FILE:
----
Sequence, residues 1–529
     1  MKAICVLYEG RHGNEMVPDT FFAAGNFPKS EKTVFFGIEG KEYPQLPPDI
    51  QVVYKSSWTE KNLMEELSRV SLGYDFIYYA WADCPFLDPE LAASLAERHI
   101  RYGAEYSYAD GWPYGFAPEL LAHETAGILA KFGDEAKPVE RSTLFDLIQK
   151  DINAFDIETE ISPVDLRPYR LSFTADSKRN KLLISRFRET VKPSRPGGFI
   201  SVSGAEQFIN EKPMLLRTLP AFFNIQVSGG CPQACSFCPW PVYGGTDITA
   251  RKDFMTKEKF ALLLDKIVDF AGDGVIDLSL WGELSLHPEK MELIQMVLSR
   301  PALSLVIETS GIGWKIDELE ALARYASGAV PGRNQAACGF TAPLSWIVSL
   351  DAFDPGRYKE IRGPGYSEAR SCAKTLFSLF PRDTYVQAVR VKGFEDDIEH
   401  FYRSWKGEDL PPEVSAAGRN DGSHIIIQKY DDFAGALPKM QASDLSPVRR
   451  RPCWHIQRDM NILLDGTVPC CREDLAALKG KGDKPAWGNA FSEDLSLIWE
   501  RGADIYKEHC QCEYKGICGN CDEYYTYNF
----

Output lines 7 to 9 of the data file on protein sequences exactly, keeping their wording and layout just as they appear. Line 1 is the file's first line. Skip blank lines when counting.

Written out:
   251  RKDFMTKEKF ALLLDKIVDF AGDGVIDLSL WGELSLHPEK MELIQMVLSR
   301  PALSLVIETS GIGWKIDELE ALARYASGAV PGRNQAACGF TAPLSWIVSL
   351  DAFDPGRYKE IRGPGYSEAR SCAKTLFSLF PRDTYVQAVR VKGFEDDIEH